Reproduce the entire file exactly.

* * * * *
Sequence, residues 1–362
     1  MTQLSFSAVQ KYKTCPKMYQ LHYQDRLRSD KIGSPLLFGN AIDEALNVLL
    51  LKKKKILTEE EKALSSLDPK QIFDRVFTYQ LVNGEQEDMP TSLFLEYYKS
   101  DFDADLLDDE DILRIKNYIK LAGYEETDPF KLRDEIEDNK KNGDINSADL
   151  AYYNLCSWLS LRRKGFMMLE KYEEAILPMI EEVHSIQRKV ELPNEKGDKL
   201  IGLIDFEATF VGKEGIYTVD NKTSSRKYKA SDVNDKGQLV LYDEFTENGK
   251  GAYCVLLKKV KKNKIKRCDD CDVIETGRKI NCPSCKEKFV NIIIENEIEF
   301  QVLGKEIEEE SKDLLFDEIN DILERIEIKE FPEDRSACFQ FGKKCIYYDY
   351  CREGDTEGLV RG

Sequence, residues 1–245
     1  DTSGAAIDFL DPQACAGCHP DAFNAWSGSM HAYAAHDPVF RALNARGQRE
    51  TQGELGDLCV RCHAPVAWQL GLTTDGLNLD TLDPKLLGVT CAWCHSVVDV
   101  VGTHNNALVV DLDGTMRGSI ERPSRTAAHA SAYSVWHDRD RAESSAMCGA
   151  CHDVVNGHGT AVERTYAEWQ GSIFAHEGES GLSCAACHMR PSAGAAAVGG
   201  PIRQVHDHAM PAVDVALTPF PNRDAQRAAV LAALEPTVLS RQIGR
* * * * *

Sequence, residues 1–362
     1  MTQLSFSAVQ KYKTCPKMYQ LHYQDRLRSD KIGSPLLFGN AIDEALNVLL
    51  LKKKKILTEE EKALSSLDPK QIFDRVFTYQ LVNGEQEDMP TSLFLEYYKS
   101  DFDADLLDDE DILRIKNYIK LAGYEETDPF KLRDEIEDNK KNGDINSADL
   151  AYYNLCSWLS LRRKGFMMLE KYEEAILPMI EEVHSIQRKV ELPNEKGDKL
   201  IGLIDFEATF VGKEGIYTVD NKTSSRKYKA SDVNDKGQLV LYDEFTENGK
   251  GAYCVLLKKV KKNKIKRCDD CDVIETGRKI NCPSCKEKFV NIIIENEIEF
   301  QVLGKEIEEE SKDLLFDEIN DILERIEIKE FPEDRSACFQ FGKKCIYYDY
   351  CREGDTEGLV RG

Sequence, residues 1–245
     1  DTSGAAIDFL DPQACAGCHP DAFNAWSGSM HAYAAHDPVF RALNARGQRE
    51  TQGELGDLCV RCHAPVAWQL GLTTDGLNLD TLDPKLLGVT CAWCHSVVDV
   101  VGTHNNALVV DLDGTMRGSI ERPSRTAAHA SAYSVWHDRD RAESSAMCGA
   151  CHDVVNGHGT AVERTYAEWQ GSIFAHEGES GLSCAACHMR PSAGAAAVGG
   201  PIRQVHDHAM PAVDVALTPF PNRDAQRAAV LAALEPTVLS RQIGR